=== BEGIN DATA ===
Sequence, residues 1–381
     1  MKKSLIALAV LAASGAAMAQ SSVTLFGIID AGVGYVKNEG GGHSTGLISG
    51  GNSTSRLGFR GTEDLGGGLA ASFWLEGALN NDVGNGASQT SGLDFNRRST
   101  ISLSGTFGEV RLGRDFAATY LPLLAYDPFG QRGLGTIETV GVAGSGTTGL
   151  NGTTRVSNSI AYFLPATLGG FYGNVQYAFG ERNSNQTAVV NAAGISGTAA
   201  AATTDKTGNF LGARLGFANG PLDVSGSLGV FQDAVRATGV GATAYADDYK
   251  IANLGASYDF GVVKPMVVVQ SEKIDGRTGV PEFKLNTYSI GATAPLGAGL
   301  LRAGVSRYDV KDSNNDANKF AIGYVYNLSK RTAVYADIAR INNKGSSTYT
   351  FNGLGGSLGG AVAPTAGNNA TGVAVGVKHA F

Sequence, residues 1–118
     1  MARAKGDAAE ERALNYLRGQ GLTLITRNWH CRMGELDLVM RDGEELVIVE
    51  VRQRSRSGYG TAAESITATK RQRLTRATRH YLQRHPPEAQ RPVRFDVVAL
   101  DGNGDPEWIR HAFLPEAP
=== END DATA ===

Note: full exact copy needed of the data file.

Sequence, residues 1–381
     1  MKKSLIALAV LAASGAAMAQ SSVTLFGIID AGVGYVKNEG GGHSTGLISG
    51  GNSTSRLGFR GTEDLGGGLA ASFWLEGALN NDVGNGASQT SGLDFNRRST
   101  ISLSGTFGEV RLGRDFAATY LPLLAYDPFG QRGLGTIETV GVAGSGTTGL
   151  NGTTRVSNSI AYFLPATLGG FYGNVQYAFG ERNSNQTAVV NAAGISGTAA
   201  AATTDKTGNF LGARLGFANG PLDVSGSLGV FQDAVRATGV GATAYADDYK
   251  IANLGASYDF GVVKPMVVVQ SEKIDGRTGV PEFKLNTYSI GATAPLGAGL
   301  LRAGVSRYDV KDSNNDANKF AIGYVYNLSK RTAVYADIAR INNKGSSTYT
   351  FNGLGGSLGG AVAPTAGNNA TGVAVGVKHA F

Sequence, residues 1–118
     1  MARAKGDAAE ERALNYLRGQ GLTLITRNWH CRMGELDLVM RDGEELVIVE
    51  VRQRSRSGYG TAAESITATK RQRLTRATRH YLQRHPPEAQ RPVRFDVVAL
   101  DGNGDPEWIR HAFLPEAP